Comeback in series against Miami Heat unlikely for Boston Celtics

Something hit the deck — hard — here Wednesday night. It was the Celtics, or rather Boston’s realistic chance to win in this NBA Eastern Conference finals against the favored Heat.

The Celtics won’t recover from this, from losing this way, on a night when they dominated for so long and quieted Miami’s packed home arena for so long, and then could only watch as the Heat relentlessly took away what was theirs.

It ended 115-111 for Miami in overtime, a survival as much as a victory. It was a thrilling, nearly epic result that gives the Heat a 2-0 series lead, and you get the sense this will be an unbearable weight for the Celtics to carry back up the coast.

How can it not be? This result was as devastating for Celtics hopes as it was uplifting for Miami.

Boston got 44 points from Rajon Rondo, who put on one of the great playoff performances the NBA has seen, and yet still lost.

If the Heat found a way to somehow win this game, how can Miami possibly lose in this series? If the Celtics couldn’t win on a night like this, what hope can beaten Boston possibly carry forward?

Respect your elders.

You’d love that to be the feel-good story that you take from Wednesday’s Game 2 of this series. Call the Celtics aging or old, hobbled or hurt, a nostalgia act — just don’t call them out of this series. Not yet.

Yes, you want to credit the Celtics’ no-quit courage and fight and all that stuff.

The thing is, this will crush Boston.

The Celtics will not get back up from this.

Some losses devastate. And this one will.

“I guarantee you they’re distracted right now, our locker room,” Celtics coach Doc Rivers said afterward.

It was the most competitive game of this postseason so far for Miami, one that showed fight and desperate resolve by both teams — but by the Heat last.

Sixteen missed free throws by the Heat (versus only three by Boston) nearly beat Miami. How can they call them free throws when they nearly proved so costly?

Mostly, though, it was Rondo who nearly beat the Heat. He was everywhere seemingly all at once, playing every minute, every second, running a marathon at blur speed.

Rondo had set the narrative for this Game 2 with his “hit the deck” comment as a preamble. It is a dated phrase evocative of what soldiers might have yelled to their buddies against incoming shrapnel during World War II, but in this context it meant Boston’s clarion call for more physicality against Miami after the Heat dominated inside with 19 dunks or layups in winning comfortably Monday.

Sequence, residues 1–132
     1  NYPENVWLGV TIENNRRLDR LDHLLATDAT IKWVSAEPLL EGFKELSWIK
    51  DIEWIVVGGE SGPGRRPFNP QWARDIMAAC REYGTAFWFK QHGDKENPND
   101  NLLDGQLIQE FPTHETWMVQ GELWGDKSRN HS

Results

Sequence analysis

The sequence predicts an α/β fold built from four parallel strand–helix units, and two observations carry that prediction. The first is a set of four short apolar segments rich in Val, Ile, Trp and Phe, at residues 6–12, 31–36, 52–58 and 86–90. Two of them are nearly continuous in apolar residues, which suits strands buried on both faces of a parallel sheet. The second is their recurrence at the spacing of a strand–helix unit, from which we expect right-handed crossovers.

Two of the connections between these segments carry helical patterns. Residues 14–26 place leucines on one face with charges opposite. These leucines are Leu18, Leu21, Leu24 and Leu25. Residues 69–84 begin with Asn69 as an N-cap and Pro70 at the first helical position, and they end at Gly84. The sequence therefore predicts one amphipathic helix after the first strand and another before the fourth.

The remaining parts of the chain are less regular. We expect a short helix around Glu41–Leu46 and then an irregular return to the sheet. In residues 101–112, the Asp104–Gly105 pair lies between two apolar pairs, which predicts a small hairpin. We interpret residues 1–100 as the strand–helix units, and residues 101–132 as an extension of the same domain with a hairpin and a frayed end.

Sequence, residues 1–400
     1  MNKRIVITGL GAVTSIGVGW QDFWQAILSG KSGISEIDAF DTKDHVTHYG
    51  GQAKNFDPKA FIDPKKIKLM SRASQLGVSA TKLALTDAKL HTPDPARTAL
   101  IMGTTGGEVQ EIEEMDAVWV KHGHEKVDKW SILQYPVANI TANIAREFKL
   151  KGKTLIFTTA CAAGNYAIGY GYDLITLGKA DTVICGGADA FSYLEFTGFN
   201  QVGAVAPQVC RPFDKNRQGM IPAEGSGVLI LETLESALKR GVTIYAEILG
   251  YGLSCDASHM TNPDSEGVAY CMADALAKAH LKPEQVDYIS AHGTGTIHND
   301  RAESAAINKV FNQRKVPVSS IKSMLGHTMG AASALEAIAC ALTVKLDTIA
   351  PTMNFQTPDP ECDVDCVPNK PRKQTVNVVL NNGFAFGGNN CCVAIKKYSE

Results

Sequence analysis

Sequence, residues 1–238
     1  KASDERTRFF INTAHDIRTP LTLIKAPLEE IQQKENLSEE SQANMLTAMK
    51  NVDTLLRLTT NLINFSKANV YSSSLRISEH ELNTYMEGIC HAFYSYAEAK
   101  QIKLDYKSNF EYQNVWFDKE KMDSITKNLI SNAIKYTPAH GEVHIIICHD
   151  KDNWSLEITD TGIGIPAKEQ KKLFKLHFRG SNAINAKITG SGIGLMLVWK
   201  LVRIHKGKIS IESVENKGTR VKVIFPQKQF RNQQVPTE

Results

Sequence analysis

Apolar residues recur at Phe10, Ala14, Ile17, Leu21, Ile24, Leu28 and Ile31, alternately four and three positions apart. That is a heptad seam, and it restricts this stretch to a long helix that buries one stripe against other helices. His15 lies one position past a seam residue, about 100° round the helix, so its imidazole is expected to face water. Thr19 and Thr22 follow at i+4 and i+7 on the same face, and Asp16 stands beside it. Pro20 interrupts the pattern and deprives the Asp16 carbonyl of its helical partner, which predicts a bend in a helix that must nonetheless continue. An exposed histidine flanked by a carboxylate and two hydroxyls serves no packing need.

“Nothing dirty, but they have to hit the deck, too,” Rondo had said — meaning Heat stars LeBron James and Dwyane Wade.

“We made it way too easy for them,” Boston’s Paul Pierce added. “We let them look comfortable.”

There was nothing easy or comfy about Wednesday, for either team.

“I told our guys to embrace the difficulty,” Heat coach Erik Spoelstra said afterward.

There was plenty of that to embrace, all night long.

Boston backed up its pledge of physicality with 33 personal fouls (to Miami’s 18), with Pierce fouling out. But still Miami managed 40 points from inside the paint, getting to the basket enough to draw 47 free-throw attempts.

The night had to be a roller-caster for spent fans.

The Heat trailed by only seven at the half but the “white hot” home team was shooting an ice-cold 36 percent, shooting as if the basket was one of those rigged carnival-midway hoops barely wider than the basketball. Miami was being lopsidedly out-rebounded, too. And Wade — shades of Game 3 at Indiana in the last series — was suffering the ignominy of a scoreless first half, and at home no less, until finally scoring just before halftime.

Meantime the hot Celtics were making 11 consecutive field goals at one point and Rondo was all but unstoppable.

“An abomination,” Spoelstra called his team’s first-half defense of Rondo.

That was before Wade lit up in the third quarter with 12 points and Miami seized the lead.

But that was before aging but resilient Boston summoned whatever reservoir of experience and desperation it possesses.

In the end, though, it was Miami rising when it mattered most, igniting the home arena. James had an off night (7-for-20 shooting) yet had 34 points, with Wade adding 23 and Mario Chalmers 22.

It was enough.

Barely, but enough.

This time of year, barely is plenty.

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